A lot of people have participated in the My Writing Process Blog tour over the past few months, and I was honored when my writer friend Jennifer Baker asked me to join. Jenn is a great friend to have--she writes really great stuff, and she's always super encouraging. Jenn's excellent answers can be found at her blog, A Baker with an Appetite for Writing.
Without further adieu, here's what I have to add:
What am I working on?
Right now, I'm hacking through the novel I wrote last year, tentatively titled THROUGH DIFFERENT EYES, and writing short stories and scripts on the side. I just started a script about an undercover operation that goes awry, and I was fortunate enough to receive an Honorable Mention in the Samuel L. Finley Humorous Writing Contest for this story.
How does my work differ from others of its genre?
I'm still determining exactly where THROUGH DIFFERENT EYES might fit on the YA shelf. So far, it's a utopian dystopia, with some fantasy elements thrown in. The story is shaping a bit differently than it did in my first draft, so we'll see where it wants to go. I've also been told that I write humor well, so I hope to strengthen that part of my craft. Books that are funny as well as dramatic tend to stick with me as a reader.
Why do I write what I do?
Mostly, I write what's fun to play with. I love shaping unique worlds with unexpected elements in them. Some of my favorite series--Harry Potter and Discworld--do this very well. I also try to touch on resonating themes, which is why THROUGH DIFFERENT EYES is a theme-based title. My main character Priya gets ripped out of the idyllic city she grew up in, and is forced to see the world through new kind of "sight." Eyes (in the literal sense) play a significant role in her story.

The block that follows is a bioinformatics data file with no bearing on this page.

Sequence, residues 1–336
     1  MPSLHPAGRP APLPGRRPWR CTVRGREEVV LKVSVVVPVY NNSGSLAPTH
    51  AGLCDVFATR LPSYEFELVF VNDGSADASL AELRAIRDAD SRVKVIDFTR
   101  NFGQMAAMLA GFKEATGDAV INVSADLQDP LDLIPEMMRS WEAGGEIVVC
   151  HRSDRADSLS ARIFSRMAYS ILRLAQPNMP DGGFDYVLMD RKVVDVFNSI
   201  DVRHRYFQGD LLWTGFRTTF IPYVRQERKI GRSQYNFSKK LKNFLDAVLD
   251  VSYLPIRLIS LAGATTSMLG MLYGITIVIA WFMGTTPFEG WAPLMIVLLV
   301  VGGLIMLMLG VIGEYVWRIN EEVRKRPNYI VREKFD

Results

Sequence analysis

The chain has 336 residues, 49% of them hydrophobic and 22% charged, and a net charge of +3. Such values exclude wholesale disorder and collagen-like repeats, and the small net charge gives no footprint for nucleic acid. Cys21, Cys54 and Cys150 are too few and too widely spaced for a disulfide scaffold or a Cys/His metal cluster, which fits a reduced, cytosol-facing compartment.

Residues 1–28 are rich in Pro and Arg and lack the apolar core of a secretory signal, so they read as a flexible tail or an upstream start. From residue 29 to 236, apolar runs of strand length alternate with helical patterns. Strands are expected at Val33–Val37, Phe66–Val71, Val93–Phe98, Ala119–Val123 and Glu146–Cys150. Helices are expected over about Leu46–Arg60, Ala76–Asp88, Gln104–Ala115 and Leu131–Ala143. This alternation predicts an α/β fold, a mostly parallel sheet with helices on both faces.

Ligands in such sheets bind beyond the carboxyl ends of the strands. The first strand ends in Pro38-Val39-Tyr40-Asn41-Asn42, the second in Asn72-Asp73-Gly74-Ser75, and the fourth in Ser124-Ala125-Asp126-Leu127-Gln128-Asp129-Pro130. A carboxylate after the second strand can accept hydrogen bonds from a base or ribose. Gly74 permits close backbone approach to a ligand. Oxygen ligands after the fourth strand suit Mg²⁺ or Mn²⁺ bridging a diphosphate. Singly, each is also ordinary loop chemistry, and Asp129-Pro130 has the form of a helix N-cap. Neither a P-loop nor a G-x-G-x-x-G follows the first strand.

How does my writing process work?
When I get a new novel idea, I make an excel chart to keep track of characters, plot and thematic elements. The end result looks like a plate of hurl, but it helps keep everything together. I then do an overall plot outline, with pinpoints borrowed from Rock Your Plot, by Cathy Yardley, and draft using a NaNoWriMo chart for word count. Often, plot elements change halfway through, and I adjust my outlines to reflect these.
Editing is a bit trickier, and I'm still learning my process there. With THROUGH DIFFERENT EYES, I'm going chapter by chapter, deepening character motivations, getting rid of story flaws, and connecting established plot elements. I've learned (the hard way) that it's not overly productive to make line edits at this stage, but if one pops out at me, and it's a easy fix, I'll change it. I also plan to incorporate longer trunking periods between novels in the hope of honing my process more.
So, that's it! I am rather late to the #MyWritingProcess party, and as such, couldn't find any takers to continue the chain. Feel free to comment if you'd like to be added. Otherwise, on Wednesday, I'll be featuring debut picture book author Joanna Rowland.